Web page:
Handling biologics: A perception problem?

In an earlier post, I described the importance of knowing the biopolymer structure when handling biologics. I also discussed various file formats that have been proposed to address this.

But rather than regarding this as a file format problem, why not consider it instead a perception problem. If we can perceive the biopolymer structure from an all-atom representation, then interconverting between any file format (whether one of the proposed biopolymer formats or existing all-atom representations such as SMILES) is straightforward. Can it be done? Well, that’s what exactly what PDB file writers do; they perceive the amino acid sequence from the all-atom structure and fill in the relevant columns in the PDB file.
There are several benefits to this approach. To begin with, it avoids the cost associated with a new registry system based on a macromolecular file format. There are no problems with new and unusual monomers; these will be faithfully stored in the all-atom representation. The de-facto standards for chemical information interchange, SMILES and MOL files, can be used as always for exchange of data. Tools for small-molecule analysis (e.g. SMARTS searching) can be combined with analyses based on biopolymer structure (e.g. HELM depiction, Smith-Waterman searching). And finally it’s worth considering that it may be difficult to migrate at a later date if a registry system is based on a particular file format.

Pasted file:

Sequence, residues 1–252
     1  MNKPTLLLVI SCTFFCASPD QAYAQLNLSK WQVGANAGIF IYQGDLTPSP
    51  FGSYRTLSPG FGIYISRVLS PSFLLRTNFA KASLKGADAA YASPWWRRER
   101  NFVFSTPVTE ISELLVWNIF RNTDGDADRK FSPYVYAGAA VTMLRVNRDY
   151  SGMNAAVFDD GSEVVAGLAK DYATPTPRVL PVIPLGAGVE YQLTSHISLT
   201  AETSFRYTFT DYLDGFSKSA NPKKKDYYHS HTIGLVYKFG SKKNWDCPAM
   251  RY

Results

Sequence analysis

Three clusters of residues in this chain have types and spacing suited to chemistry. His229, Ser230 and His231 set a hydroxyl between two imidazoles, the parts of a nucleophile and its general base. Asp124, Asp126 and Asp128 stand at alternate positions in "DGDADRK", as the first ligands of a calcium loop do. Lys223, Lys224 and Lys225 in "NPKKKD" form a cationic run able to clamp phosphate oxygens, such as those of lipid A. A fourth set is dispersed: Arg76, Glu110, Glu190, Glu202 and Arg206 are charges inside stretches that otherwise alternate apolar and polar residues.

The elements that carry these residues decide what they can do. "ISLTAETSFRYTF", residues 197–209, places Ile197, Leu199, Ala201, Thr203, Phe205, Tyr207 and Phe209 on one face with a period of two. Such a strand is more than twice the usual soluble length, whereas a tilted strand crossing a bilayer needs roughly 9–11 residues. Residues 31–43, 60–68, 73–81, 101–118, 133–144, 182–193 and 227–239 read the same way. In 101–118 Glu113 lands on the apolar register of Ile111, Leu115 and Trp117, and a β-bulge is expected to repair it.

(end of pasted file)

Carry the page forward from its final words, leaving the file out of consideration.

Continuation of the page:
What I’ve described here and in the previous post is the introduction from my ACS presentation on Roundtripping between small-molecule and biopolymer representations. This describes the development of the Sugar & Splice software for handling oligopeptides, oligonucleotides and oligosaccharides (including modified residues and mixtures of different biopolymers). Note that the presentation is somewhat sugar-centric; for more info on the peptide and nucleotide side of things see Roger’s Spring 2012 ACS presentation.

(For more presentations from NextMove Software, see our SlideShare page.)

One thought on “Handling biologics: A perception problem?”

Leave a Reply

Your email address will not be published.

This site uses Akismet to reduce spam. Learn how your comment data is processed.